However, there is no question that this is a Franco film. As usual, there is the odd mix of the incredibly competent--like some seriously beautiful shot compositions--and the hilariously ill-advised. As I have mentioned before, there is hardly a single scene where the music is not glaringly inappropriate. Listening to this film;s soundtrack, thanks to Severin's recent release of it, I became convinced that the world needs to hire filmmakers to listen to Jess Franco soundtracks out of context and write movies that actually match them. I want to see how far afield of the actual film they end up.

That said, the incongruity of the soundtrack oddly works for the film. At least, if you can dig what Franco is laying down, and not everyone can. Understandably so.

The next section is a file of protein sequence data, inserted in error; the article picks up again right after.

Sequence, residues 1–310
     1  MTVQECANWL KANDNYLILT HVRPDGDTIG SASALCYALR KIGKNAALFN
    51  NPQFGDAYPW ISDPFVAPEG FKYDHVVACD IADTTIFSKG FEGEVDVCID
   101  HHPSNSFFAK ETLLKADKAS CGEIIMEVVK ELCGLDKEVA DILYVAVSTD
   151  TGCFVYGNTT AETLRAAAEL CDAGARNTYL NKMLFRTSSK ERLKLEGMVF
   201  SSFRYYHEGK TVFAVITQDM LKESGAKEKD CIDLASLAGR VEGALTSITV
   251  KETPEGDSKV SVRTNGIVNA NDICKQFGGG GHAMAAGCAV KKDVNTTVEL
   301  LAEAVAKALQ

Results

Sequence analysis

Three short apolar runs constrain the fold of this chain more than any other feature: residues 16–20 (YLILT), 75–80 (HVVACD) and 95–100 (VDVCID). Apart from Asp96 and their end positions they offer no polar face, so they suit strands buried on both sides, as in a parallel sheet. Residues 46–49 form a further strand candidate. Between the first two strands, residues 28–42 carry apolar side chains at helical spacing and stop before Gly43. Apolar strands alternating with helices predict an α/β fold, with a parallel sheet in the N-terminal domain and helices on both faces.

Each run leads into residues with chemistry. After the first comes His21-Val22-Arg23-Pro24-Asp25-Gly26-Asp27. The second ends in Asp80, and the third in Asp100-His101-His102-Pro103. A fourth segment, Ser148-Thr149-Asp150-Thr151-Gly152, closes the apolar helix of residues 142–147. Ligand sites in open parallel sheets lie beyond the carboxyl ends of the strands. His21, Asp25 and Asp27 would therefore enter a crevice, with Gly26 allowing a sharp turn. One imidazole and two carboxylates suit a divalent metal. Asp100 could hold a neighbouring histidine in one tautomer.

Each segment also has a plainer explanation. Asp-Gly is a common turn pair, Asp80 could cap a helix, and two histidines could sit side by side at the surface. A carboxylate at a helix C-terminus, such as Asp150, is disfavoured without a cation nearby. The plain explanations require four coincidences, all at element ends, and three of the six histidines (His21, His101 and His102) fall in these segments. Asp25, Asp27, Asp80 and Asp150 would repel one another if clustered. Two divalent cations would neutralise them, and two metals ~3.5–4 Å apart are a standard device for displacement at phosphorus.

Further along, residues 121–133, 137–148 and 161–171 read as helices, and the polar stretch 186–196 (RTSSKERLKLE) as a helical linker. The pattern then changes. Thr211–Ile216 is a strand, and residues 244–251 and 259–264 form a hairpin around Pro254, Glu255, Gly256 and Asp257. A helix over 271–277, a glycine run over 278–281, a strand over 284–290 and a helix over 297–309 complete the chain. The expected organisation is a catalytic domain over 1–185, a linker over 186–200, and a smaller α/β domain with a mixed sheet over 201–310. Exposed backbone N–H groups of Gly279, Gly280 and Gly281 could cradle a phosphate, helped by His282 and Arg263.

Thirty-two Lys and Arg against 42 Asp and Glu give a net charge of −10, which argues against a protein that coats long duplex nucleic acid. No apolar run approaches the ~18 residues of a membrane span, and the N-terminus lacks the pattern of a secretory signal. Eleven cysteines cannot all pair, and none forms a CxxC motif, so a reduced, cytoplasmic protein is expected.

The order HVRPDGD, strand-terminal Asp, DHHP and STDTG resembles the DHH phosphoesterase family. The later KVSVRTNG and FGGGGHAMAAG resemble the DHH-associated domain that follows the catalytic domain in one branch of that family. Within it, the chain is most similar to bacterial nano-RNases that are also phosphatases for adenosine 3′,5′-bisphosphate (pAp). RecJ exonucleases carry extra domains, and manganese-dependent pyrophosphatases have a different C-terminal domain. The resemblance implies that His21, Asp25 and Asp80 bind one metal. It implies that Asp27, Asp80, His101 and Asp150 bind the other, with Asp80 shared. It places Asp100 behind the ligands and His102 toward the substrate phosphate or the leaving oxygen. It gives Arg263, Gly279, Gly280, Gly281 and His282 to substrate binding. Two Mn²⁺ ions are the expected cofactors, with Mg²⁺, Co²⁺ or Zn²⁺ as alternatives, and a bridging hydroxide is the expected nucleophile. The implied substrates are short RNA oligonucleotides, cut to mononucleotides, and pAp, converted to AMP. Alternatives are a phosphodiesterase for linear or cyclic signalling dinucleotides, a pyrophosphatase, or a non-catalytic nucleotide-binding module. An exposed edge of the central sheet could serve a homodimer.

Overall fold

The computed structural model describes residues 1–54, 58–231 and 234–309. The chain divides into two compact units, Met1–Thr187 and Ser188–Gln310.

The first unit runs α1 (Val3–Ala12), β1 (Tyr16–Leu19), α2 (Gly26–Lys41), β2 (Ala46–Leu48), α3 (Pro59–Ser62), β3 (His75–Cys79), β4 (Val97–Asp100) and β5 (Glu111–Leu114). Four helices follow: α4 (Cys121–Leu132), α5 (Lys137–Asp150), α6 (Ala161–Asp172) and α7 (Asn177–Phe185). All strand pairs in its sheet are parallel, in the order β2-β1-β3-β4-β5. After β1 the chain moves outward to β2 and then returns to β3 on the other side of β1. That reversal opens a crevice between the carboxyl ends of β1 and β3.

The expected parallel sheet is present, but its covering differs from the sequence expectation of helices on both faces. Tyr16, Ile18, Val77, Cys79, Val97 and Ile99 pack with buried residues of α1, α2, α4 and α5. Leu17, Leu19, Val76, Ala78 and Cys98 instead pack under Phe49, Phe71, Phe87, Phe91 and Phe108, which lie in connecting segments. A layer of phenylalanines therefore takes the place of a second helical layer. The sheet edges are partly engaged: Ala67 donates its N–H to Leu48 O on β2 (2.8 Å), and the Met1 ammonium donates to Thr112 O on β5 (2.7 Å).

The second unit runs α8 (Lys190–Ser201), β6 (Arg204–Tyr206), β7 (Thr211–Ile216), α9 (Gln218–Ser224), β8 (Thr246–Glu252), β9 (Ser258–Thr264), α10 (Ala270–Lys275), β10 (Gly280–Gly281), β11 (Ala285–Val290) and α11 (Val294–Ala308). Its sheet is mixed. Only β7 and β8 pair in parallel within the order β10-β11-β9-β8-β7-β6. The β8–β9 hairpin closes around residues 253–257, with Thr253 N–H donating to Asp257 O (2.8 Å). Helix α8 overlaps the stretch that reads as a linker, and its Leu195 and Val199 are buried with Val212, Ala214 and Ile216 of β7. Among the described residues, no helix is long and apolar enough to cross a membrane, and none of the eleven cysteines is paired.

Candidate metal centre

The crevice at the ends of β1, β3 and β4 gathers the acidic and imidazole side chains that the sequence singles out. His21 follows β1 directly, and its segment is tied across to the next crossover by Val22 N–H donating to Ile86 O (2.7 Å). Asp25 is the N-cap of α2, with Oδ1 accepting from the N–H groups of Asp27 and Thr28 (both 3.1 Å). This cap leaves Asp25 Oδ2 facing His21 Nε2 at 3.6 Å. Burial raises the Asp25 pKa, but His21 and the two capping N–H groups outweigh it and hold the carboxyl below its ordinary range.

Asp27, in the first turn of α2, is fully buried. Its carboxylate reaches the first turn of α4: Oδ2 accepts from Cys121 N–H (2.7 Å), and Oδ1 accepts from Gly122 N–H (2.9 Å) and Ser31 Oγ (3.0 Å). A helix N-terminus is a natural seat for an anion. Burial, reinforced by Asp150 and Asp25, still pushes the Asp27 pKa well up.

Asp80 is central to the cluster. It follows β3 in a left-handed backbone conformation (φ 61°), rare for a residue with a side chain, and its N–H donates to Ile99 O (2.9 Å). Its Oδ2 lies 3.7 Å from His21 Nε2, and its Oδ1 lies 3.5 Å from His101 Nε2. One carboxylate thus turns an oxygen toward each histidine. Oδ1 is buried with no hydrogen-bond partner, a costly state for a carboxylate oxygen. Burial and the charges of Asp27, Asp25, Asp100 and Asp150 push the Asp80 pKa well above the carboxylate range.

I mean, certainly the film has flaws--beyond the obvious fact that Franco is notorious for making odd choices as a director. For one, it's hard to say, in my opinion, that the film's title is not a might bit misleading. I mean, sure, she seduces her victims before killing them--but the title implies she kills them during sex or gets off on killing them, neither of which is technically true. The film also kind of has a hard time deciding who we're supposed to sympathize with. I honestly can't tell if we're supposed to root for Johnson to get her revenge or not, and not in a deliberate sense like how The Abominable Dr. Phibes knew we'd root for Phibes even as it reminded us that his victims had done nothing wrong. Here, we get zero sense of whether Dr. Johnson is actually trying to make the world a better place or is just the mad scientist he's accused of being, and we have no idea if the Medical Council who ruined him were right to do so or were just vindictive assholes.